Monday, April 14, 2014

UNKNOWNS


Suizan? Eizan? I believe this is Kyo yaki. Needs verification.




My new tea Bowl. The motif is is called Manjugiku. The mark reads Kyo Rouzan (京瀧山)


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No mark on this little covered dish. Arita? Kyoto? What is it used for?






 

Studio cup and plate set with unidentified mark.



  This bowl has no mark but hopefully someday I will find out its origins. It is one of my favorites.




I just found this little guinomi (sake cup). It needs some research.
It is probably Imari  transfer ware. The mark reads HO.




I just found this little condiment dish, used for shichimi togarashi or seven spice pepper.  There is no mark. It may be Arita, Kyoto or Mino??
    I believe this is Arita ware, but need to verify.

  Ka (加). ?
    

I am working on this little sake cup. I bought it even though it had a chip. I do not have this mark in my files and decided it was worth the research. I think I have seen this before so my curiosity is peaked.



I think this might be Korean

3 comments:

  1. Hi,
    I hope it's ok to ask for you help with a piece I am trying to identify. I didn't know how else to contact you.. One of the pieces in my collection has me very puzzled. Could you please take a look at it at http://litaxulingkelley.blogspot.com/2014/05/unidentified-hand-painted-japanese.html and let me know your thoughts on it.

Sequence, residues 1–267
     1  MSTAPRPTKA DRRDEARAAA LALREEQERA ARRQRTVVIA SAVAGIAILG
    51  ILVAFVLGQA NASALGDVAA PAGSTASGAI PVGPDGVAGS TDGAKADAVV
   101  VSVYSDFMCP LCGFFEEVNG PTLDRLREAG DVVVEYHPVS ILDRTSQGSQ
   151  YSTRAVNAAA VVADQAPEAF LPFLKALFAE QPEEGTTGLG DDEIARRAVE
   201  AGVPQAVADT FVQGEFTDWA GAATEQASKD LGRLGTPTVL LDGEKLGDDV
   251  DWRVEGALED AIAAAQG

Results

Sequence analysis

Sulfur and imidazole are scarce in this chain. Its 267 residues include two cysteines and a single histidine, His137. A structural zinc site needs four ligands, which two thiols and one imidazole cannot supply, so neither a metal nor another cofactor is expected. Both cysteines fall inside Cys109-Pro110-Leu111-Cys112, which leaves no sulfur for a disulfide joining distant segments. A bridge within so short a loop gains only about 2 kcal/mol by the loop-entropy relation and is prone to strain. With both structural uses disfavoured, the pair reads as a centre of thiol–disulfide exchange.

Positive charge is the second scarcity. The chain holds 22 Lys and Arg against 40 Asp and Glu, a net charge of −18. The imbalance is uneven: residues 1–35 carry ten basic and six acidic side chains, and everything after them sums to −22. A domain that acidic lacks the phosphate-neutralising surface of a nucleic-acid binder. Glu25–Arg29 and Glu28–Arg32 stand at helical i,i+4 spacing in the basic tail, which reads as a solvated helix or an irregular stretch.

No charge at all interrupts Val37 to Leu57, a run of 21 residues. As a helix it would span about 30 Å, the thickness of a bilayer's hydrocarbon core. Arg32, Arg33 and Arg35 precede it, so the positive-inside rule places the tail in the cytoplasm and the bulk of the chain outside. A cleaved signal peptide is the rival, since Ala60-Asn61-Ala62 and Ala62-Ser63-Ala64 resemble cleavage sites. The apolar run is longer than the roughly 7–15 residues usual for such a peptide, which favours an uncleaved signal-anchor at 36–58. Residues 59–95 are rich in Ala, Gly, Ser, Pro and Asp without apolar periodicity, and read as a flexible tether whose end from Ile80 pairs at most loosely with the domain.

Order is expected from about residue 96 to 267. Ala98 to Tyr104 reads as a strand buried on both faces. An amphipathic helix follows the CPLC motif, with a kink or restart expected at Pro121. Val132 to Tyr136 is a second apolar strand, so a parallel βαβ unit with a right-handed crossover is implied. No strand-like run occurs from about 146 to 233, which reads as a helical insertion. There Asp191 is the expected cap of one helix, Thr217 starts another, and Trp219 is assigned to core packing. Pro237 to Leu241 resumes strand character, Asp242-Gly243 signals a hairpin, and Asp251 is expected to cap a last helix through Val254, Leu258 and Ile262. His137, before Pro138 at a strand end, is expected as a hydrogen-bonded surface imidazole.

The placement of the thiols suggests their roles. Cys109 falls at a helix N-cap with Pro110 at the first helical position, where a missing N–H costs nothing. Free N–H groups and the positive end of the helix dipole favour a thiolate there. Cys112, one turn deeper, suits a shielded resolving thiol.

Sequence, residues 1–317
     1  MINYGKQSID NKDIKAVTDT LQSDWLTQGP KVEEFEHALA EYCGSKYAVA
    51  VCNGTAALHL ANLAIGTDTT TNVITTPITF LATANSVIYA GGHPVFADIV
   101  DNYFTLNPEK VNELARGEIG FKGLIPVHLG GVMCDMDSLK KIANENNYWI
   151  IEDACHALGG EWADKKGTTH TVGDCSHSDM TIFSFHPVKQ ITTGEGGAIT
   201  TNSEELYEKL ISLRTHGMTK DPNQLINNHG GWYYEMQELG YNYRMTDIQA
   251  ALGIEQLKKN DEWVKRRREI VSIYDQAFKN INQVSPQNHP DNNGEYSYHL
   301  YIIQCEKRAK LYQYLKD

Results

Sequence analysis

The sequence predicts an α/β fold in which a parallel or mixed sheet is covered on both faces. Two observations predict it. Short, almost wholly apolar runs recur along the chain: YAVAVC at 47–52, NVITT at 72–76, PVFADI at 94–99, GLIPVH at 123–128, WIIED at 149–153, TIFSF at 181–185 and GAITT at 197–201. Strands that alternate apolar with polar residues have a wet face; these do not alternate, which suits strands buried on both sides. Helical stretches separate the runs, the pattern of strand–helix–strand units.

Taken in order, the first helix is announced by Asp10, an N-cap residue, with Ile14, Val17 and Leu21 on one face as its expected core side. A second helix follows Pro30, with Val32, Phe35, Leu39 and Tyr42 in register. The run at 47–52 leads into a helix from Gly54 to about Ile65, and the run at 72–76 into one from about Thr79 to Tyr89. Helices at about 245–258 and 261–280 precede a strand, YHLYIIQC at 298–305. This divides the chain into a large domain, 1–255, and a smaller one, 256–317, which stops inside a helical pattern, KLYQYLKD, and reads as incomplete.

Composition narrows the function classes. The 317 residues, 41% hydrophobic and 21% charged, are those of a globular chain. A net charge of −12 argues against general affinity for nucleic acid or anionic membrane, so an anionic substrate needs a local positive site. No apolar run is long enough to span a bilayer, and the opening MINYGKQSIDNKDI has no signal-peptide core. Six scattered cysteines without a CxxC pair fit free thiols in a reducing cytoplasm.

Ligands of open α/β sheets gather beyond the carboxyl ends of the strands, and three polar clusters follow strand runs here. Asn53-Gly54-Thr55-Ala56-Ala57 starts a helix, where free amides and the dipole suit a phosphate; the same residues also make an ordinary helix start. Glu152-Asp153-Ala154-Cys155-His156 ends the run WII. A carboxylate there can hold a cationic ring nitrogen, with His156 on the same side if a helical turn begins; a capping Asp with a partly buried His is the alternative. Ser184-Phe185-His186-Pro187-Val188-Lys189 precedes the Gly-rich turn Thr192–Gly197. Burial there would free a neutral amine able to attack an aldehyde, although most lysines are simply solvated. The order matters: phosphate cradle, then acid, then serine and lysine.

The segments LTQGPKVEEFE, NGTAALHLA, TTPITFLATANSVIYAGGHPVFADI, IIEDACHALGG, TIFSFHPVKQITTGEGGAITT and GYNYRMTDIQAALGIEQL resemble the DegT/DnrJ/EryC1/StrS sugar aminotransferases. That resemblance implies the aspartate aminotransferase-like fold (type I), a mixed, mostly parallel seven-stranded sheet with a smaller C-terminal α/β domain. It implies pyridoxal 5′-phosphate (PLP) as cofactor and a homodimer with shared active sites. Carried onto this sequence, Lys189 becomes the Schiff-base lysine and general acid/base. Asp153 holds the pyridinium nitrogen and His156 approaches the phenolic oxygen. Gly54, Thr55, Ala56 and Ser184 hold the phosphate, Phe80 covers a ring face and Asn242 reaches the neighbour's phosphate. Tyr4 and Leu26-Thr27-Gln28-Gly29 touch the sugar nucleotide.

Thank you. I am a novice collector and like to learn about the different pieces I find.

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    Replies
    1. In saw your updated blog post on this piece this morning. I think it would be more correct to put "satsuma style" rather than satsuma as it is not true satsuma. I have a picture in the book by Irene Stitt that shows a similar piece. Yes, your photo was upside down and it clearly reads sa-tsu but the third character does not look like ma. It may have just been written hastily as these pieces were cranked out rapidly during this period. You can contact me at my new blog email: marmiet23@gmail.com

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  2. Thank you, yes, Kyoto Satsuma is the common name for Satsuma-style export wares produced by kilns in the Kyoto area from the Meiji period into the 20th century

    ReplyDelete